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Third Coast Percussion's borderless music finds inspiration in fleet-footed beats

Third Coast Percussion's new album, <em>Perspectives</em>, is the group's most accessible.
Saverio Truglia
Courtesy of the artists
Third Coast Percussion's new album, Perspectives, is the group's most accessible.

The style of electronic music and dance known as footwork might appear a strange bedfellow to classical music, but the Grammy-winning groupThird Coast Percussion embraces the fleet-footed sound on Perspectives, a new album that pushes the notion of a percussion ensemble into fresh territory.

Footwork is the hyper-beat music born in Chicago's underground dance competitions and house parties in the late 1990s. On Third Coast Percussion's album, the style undergoes a mesmerizing transformation in a seven-movement suite called Perspective.

The music, which often clocks at 150 beats per minute or more, is by Jerrilynn Patton, a footwork fan who began slicing up her own electronic beats at her parent's home in Gary, Ind. She was working in a nearby steel mill when Dark Energy, her debut album, won her critical acclaim in 2015 — although shesays she's tired of journalists trotting out the story.

Going byJlin, the electronic artist has absorbed footwork, but turned it inside out for her collaboration with Third Coast Percussion. She did not score the work on manuscript paper, but instead brought her myriad layers of audio stems to the Third Coast musicians and together they fashioned a version that could be performed on over 30 instruments.

On "Derivative," metal bowls filled with water and struck by mallets help lay down a woozy, head-bopping groove, along with bongos, a bamboo "devil chaser," various gongs, woodblocks and car parts.

Another unconventional partnership on the album finds Third Coast Percussion composing music with another band, the duo Flutronix, comprised of flutists Nathalie Joachim and Allison Loggins-Hull. Their piece, Rubix, features punchy flutes dancing over a chilled out vibraphone, and foggy episodes where marimba, whirly tube and bowed flexatone provide an evocative backdrop of light and shadow.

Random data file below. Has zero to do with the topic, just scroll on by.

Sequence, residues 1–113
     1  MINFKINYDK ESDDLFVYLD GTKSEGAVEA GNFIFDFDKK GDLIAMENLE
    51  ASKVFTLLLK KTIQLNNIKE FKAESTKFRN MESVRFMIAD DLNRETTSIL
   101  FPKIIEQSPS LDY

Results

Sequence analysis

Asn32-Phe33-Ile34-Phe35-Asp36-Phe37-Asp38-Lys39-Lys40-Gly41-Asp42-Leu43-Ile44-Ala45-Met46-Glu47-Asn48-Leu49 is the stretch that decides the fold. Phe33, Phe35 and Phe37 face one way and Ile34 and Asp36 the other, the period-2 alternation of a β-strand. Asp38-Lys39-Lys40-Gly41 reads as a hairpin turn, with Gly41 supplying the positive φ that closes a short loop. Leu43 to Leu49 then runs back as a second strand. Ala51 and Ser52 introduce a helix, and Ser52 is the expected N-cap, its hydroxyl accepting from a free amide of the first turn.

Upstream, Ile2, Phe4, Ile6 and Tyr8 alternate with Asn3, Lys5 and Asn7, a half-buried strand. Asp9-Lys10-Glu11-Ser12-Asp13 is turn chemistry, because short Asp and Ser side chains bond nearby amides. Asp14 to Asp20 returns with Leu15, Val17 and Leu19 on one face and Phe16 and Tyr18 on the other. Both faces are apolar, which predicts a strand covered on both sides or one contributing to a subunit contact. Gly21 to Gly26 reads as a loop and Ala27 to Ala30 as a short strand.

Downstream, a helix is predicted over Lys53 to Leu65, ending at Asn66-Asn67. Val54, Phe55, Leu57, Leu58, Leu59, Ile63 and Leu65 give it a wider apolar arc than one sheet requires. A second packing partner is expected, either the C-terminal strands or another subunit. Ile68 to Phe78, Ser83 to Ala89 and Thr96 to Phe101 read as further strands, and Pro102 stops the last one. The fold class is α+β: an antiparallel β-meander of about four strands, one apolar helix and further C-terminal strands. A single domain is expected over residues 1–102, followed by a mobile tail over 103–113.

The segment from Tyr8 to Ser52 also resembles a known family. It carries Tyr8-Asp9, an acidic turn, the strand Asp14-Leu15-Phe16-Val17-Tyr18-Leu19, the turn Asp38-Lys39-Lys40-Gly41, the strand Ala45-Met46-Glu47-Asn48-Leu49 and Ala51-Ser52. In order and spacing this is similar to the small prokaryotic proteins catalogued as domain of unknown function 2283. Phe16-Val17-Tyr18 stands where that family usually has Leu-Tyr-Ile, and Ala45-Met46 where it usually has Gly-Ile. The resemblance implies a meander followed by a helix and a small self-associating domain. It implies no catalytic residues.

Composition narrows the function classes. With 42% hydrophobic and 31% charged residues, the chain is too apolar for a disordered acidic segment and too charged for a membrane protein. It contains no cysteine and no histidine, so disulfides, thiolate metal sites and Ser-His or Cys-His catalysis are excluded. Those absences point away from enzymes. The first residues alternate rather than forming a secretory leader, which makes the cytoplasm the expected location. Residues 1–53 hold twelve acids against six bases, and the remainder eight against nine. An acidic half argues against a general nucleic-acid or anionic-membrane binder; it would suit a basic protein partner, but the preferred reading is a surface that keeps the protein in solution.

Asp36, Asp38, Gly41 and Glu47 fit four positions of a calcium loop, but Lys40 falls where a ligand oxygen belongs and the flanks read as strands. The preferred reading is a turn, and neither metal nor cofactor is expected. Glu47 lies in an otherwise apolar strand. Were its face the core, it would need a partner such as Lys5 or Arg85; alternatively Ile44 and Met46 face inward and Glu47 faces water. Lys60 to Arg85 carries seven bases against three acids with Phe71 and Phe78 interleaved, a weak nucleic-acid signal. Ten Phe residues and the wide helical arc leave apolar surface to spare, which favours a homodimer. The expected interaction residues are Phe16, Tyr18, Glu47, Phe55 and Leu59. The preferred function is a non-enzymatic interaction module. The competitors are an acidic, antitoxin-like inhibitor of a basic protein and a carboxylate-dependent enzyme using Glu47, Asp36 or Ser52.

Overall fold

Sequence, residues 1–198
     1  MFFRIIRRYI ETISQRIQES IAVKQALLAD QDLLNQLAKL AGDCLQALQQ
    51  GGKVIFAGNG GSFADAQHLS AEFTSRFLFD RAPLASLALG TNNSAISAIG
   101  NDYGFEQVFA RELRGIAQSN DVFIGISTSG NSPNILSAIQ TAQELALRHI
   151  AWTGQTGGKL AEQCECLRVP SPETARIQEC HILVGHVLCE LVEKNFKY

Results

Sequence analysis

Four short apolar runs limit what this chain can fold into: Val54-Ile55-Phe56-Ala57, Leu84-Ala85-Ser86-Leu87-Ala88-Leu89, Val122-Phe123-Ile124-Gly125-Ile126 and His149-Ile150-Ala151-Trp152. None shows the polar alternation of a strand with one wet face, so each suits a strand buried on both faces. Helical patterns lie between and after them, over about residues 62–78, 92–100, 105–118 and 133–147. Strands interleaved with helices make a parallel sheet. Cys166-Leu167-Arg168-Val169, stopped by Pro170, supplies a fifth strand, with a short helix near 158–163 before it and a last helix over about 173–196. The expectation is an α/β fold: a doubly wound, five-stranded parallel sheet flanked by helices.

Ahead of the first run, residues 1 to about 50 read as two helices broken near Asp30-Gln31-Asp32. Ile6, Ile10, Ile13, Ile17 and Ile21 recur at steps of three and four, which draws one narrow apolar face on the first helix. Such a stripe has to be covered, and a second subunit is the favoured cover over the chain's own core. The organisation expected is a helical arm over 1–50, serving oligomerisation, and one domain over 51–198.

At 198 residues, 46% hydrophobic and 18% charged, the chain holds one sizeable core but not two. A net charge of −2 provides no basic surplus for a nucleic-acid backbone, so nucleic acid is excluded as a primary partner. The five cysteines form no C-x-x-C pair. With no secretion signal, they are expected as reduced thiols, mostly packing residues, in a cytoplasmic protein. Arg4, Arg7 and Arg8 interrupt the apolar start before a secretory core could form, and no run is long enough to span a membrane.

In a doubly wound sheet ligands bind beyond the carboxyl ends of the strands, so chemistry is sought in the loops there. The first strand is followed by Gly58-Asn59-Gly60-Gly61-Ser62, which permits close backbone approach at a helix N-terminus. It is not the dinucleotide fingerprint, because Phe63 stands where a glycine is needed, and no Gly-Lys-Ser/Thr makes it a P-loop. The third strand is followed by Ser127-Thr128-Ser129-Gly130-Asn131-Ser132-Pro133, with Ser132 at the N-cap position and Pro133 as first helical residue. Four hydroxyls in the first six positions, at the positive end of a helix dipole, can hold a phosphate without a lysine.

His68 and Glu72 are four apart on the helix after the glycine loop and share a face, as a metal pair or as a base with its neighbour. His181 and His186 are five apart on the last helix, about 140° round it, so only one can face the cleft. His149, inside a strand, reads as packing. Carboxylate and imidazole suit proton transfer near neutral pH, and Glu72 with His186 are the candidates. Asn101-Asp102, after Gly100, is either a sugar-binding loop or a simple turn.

There's one more combination on Perspectives that may surprise you, and it comes courtesy ofDanny Elfman. You may know him as the front man for the peculiar '80s rock bandOingo Boingo, or better yet by his nearly 100 film scores, for movies like Edward Scissorhands and Good Will Hunting. For the Third Coast musicians, he composed a four-movement piece simply called Percussion Quartet. Unlike a lot of academic music for percussion ensembles, Elfman makes his quartet sing sweetly, leaning heavily on the warm sounds of the marimba interlocking with tinkling tubular chimes and pitched metal pipes.

It says a lot about this group's commitment to brand new music when the oldest piece on the album is from 1988.Philip Glass' Metamorphosis No. 1, originally for solo piano, undergoes an expansive, serene renovation. At one point the gentle, see-sawing theme is taken up by a melodica, and later sparkles with a flurry of glockenspiel and crotales.

Third Coast Percussion, with albums like Perspectives, continues to push percussion in new directions, blurring musical boundaries and beguiling new listeners.

Copyright 2022 NPR. To see more, visit https://www.npr.org.

Corrected: May 17, 2022 at 11:00 PM CDT
A previous version of this story said that the concept of percussionists playing as an ensemble, outside a symphony orchestra, is less than 100 years old. In fact, around the world, cultures have made such music since ancient times, but in Western classical music, percussion ensembles began less than 100 years ago.
Tom Huizenga is a producer for NPR Music. He contributes a wide range of stories about classical music to NPR's news programs and is the classical music reviewer for All Things Considered. He appears regularly on NPR Music podcasts and founded NPR's classical music blog Deceptive Cadence in 2010.